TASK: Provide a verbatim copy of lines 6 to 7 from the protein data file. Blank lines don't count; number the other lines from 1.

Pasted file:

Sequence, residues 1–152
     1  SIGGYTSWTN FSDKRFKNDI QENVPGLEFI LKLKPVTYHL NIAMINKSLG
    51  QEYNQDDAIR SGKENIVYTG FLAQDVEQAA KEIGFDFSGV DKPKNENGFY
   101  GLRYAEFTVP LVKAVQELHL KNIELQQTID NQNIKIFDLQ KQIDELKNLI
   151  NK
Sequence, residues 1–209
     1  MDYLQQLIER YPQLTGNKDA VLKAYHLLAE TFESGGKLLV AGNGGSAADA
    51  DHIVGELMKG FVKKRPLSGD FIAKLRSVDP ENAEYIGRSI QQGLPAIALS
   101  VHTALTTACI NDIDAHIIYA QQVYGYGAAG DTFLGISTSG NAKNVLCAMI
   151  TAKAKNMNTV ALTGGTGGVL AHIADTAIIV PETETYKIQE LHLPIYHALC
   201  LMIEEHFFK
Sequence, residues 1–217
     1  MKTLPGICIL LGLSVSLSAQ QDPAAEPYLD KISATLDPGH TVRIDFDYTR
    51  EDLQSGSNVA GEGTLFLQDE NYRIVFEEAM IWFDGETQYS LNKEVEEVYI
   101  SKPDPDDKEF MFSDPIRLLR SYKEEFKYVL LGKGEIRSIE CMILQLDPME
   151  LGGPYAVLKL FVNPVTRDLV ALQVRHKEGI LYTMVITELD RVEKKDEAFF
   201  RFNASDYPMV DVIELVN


Sequence, residues 1–209
     1  MDYLQQLIER YPQLTGNKDA VLKAYHLLAE TFESGGKLLV AGNGGSAADA